As to the threat that the High Court of Justice could intervene and allocate a prayer space at the central Western Wall Plaza to Progressive Jews, Litzman declared that if the court would issue such a decision, the haredi parties would pass legislation to circumvent it, “without doubt.”
And Litzman went further, saying that United Torah Judaism may even demand a bill abolishing the High Court’s ability to strike down laws in any future coalition agreement, due to the threat posed by the court to haredi political interests such as the Western Wall issue, but also regarding haredi conscription to the IDF, Jewish conversion and other matters.
A High Court override bill was advanced by former Bayit Yehudi leaders Naftali Bennett and Ayelet Shaked during the last Knesset, but it proved too controversial even for a coalition devoid of left-wing parties to pass.
Litzman said any such law UTJ would advance would stipulate that the High Court be legally unable to strike down a law passed by the Knesset, a formulation that goes beyond even what Bayit Yehudi proposed, which was that the Knesset could override a High Court decision striking down legislation.
In the meantime, although the comprehensive Western Wall resolution of January 2016 was indefinitely frozen in June 2017 due to pressure from UTJ, Shas and hard-line National Religious elements, the prime minister has sought to physically upgrade the current site.
These efforts have so far been stymied by the religious parties by blocking the necessary administrative procedures required to proceed.
Asked whether he can live with the prime minister’s limited plans for a physical upgrade, Litzman said somewhat obtusely, “I don’t know what the prime minister intends,” although details of the plans have been widely publicized, including in the Post.
“I need to know and I don’t know. He [the prime minister] should come, sit with me and [senior UTJ leader Moshe] Gafni and [Shas leader Arye] Deri and discuss it,” he said.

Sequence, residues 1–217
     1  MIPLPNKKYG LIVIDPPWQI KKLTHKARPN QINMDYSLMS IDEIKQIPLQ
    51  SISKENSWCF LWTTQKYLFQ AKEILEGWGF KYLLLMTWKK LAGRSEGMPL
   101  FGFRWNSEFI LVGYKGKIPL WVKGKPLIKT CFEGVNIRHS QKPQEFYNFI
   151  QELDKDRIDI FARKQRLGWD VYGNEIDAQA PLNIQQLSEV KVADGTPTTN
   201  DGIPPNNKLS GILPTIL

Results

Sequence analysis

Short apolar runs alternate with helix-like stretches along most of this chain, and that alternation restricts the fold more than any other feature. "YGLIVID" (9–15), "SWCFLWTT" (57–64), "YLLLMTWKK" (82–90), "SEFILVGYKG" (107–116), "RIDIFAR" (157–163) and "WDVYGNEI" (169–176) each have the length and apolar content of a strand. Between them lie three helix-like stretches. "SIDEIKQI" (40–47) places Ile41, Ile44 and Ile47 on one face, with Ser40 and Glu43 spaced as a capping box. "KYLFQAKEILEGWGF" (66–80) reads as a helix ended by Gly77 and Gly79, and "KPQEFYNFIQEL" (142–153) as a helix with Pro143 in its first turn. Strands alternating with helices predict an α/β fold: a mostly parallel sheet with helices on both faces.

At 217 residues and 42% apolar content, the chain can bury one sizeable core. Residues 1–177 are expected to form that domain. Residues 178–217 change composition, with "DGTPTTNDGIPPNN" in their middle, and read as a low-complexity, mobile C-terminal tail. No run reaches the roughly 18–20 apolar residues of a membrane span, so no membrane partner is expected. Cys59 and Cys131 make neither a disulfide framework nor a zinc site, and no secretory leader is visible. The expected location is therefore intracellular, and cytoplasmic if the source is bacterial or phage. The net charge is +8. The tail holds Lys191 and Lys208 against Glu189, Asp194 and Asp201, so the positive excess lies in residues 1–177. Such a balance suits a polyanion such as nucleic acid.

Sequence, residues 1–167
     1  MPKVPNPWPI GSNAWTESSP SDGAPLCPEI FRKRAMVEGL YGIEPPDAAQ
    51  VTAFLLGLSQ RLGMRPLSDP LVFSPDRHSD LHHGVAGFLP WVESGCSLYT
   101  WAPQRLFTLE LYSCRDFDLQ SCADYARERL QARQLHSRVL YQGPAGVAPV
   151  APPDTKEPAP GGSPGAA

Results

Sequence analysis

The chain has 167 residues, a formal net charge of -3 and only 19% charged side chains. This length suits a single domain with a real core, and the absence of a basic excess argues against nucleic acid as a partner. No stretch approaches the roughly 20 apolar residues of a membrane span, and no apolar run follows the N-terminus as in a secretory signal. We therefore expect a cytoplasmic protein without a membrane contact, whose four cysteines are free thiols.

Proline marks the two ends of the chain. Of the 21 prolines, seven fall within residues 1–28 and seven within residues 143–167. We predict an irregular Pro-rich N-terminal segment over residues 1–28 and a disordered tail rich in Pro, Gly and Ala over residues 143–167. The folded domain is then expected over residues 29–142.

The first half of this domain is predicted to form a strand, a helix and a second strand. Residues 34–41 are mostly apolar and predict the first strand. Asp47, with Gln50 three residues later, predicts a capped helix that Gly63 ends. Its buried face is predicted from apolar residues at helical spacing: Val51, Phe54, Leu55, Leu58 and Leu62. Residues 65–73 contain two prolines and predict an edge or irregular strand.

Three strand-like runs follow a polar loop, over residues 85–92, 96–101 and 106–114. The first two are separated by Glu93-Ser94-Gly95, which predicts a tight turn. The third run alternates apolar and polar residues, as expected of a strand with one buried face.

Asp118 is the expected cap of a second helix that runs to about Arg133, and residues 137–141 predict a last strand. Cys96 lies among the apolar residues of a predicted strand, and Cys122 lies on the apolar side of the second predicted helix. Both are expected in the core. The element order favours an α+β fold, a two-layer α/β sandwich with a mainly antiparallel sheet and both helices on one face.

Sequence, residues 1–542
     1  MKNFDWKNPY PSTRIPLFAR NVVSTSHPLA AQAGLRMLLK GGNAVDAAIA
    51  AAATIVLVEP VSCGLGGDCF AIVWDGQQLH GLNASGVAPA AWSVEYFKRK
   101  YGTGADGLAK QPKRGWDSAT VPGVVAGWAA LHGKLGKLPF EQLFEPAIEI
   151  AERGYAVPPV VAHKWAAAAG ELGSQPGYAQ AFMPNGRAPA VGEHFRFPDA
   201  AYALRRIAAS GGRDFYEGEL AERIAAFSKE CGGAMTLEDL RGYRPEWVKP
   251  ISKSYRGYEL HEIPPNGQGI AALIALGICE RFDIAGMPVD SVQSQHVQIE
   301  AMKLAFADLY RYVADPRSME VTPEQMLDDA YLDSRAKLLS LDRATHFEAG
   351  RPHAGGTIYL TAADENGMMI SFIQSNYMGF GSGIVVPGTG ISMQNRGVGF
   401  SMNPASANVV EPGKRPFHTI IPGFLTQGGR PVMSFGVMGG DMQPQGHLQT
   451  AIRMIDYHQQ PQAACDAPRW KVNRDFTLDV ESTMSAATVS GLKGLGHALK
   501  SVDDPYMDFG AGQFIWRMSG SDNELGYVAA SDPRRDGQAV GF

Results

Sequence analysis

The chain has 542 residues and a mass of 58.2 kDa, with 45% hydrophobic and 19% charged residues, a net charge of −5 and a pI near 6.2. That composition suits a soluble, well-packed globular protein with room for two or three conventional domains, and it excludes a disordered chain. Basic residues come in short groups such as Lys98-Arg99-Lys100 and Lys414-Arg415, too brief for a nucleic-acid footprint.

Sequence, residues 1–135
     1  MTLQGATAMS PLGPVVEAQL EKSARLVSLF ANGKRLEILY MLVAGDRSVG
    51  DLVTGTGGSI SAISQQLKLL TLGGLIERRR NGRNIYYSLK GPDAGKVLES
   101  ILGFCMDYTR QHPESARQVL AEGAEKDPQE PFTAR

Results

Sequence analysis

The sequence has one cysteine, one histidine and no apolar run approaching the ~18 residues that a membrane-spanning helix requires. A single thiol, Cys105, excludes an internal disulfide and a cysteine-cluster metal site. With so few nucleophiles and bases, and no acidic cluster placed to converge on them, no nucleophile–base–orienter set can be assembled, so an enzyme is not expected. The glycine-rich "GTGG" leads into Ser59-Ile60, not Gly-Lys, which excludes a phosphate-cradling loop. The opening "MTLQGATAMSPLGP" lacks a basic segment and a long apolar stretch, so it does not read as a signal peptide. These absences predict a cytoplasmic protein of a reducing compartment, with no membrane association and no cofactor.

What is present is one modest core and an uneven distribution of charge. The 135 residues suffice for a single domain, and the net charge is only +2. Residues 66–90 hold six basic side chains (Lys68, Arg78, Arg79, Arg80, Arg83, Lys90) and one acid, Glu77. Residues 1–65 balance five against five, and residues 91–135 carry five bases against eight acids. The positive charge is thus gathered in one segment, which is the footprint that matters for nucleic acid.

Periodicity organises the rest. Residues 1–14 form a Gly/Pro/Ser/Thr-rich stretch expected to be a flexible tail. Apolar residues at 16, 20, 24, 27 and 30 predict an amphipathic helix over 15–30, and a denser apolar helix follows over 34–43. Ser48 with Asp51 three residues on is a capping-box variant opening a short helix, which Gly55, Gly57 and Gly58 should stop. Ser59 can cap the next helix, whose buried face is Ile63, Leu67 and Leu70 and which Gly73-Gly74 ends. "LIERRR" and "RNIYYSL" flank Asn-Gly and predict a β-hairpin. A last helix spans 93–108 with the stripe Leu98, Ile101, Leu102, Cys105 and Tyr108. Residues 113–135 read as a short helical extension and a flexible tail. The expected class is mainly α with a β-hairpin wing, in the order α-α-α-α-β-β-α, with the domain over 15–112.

Turning to the issue of haredi conscription, Litzman declared that he would oppose the law advanced in the outgoing Knesset, which included financial sanctions against the general yeshiva budget for failing to meet conscription targets, if it is brought back during the next government.
“I will resign [from the government] if it is passed,” he averred.
“The principle needs to be that anyone who wants to study [in yeshiva without being drafted] will be able to so,” Litzman said of the central, oft-repeated haredi demand regarding conscription issues.
“No quotas, no sanctions, nothing,” he insisted, although he went on to make a rare public concession in stating: “Anyone who doesn’t want to study should enlist.”
There is no doubt that as the man at the top of the ministry, Litzman has worked strenuously and with passion to improve health care for all Israelis, expand state coverage for critical drugs and rapidly increase access to crucial imaging facilities.
But when it comes to the delicate fabric of Israeli society and its relationship to religion in the public domain, as well as the position and responsibilities of the haredi community inside it, Litzman remains as unbowed and obdurate in his opposition to real change as he ever was.